After McConnell’s point of order was rejected, he appealed the decision, setting up a simple majority vote to enact the new two-hour rule for nominees to lower-level agency positions. Fifty-one Republicans voted in favor of changing the rules, with Senators Susan Collins, R-Maine, and Mike Lee, R-Utah, being the only defectors.

Before the vote, McConnell complained of Democrats requiring cloture votes on even uncontroversial nominees in an effort to slow down the pace of Trump’s confirmations. He said this has brought “partisan paralysis” on the nominations process, leaving the administration understaffed and depriving the president of the opportunity of appointing judges.

“This systematic obstruction is unfair to our duly elected president and more importantly, it is disrespectful, disrespectful, to the American people who deserve the government they elected,” McConnell said in a floor speech Wednesday afternoon.

McConnell later blamed Senate Minority Leader Chuck Schumer for setting the acrimonious terms of the fight over judicial nominees, noting the New York Democrat was on the leading edge of senators who filibustered President George W. Bush’s judicial nominees.

“He started this whole thing that we’ve been wrestling with since 2003,” McConnell said on the Senate floor, pointing at Schumer.

But Democrats have accused Republicans of trying to have it both ways – complaining of obstruction from across the aisle while at the same time hailing the record numbers of judicial nominees confirmed under their majority.

“This is a very sad day for the Senate,” Schumer said just before the vote Wednesday. “At a time when Leader McConnell brags about confirming more judges than anyone has done in a very long time, he feels the need to invoke the terrible destructive and disproportionate procedure of the nuclear option in order to fast-track even more of President Trump’s ultra-conservative nominees to the federal bench.”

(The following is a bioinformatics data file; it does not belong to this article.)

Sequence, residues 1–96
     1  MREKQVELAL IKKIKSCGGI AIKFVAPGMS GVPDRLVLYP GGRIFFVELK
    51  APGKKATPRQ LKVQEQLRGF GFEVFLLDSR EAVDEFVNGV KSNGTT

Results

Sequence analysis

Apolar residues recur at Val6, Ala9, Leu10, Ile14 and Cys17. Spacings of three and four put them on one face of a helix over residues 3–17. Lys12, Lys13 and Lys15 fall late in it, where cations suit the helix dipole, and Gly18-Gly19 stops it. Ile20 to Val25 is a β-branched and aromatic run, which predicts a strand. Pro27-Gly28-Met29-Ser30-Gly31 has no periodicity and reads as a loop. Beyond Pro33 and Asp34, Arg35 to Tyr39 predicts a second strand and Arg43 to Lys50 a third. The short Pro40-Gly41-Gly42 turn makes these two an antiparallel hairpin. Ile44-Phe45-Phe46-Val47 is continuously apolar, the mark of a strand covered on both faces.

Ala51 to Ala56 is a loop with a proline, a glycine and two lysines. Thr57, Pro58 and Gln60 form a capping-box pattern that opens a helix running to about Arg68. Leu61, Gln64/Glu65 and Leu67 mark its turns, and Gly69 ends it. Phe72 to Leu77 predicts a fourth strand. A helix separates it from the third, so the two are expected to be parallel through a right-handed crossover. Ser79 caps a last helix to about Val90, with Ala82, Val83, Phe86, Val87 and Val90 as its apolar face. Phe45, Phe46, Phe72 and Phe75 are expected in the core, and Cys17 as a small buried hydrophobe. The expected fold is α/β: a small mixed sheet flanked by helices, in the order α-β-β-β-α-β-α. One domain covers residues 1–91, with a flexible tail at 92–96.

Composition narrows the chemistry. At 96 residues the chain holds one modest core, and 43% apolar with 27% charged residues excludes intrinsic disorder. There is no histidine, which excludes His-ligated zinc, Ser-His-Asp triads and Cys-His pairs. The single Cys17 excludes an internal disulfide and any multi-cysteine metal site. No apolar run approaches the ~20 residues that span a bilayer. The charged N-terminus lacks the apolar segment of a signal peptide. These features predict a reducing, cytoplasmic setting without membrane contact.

Schumer noted some of Trump’s most controversial judicial nominees failed in the last moments before their planned confirmation votes. One such nominee was Thomas Farr, a nominee to the U.S. District Court for the Eastern District of North Carolina. Farr’s nomination was pulled back just before his confirmation vote after Senator Tim Scott, R-S.C., expressed opposition over his record on issues related to race.

Scott similarly sank Ninth Circuit nominee Ryan Bounds over objections to his writings about race while a college student.

“Had we had only two hours, horrible, horrible nominees, way beyond the bounds of normal nomination and discourse, even from conservatives, like Farr, like Bounds, would be sitting on the courts today,” Schumer said on the Senate floor Wednesday.

The debate over the rules change also dredged up a long-running fight over the Republican blockade of D.C. Circuit Judge Merrick Garland, whom President Barack Obama nominated to the Supreme Court in 2016 after the death of Justice Antonin Scalia. Republicans never held a hearing on Garland’s nomination, keeping the seat open until Trump filled it with Neil Gorsuch.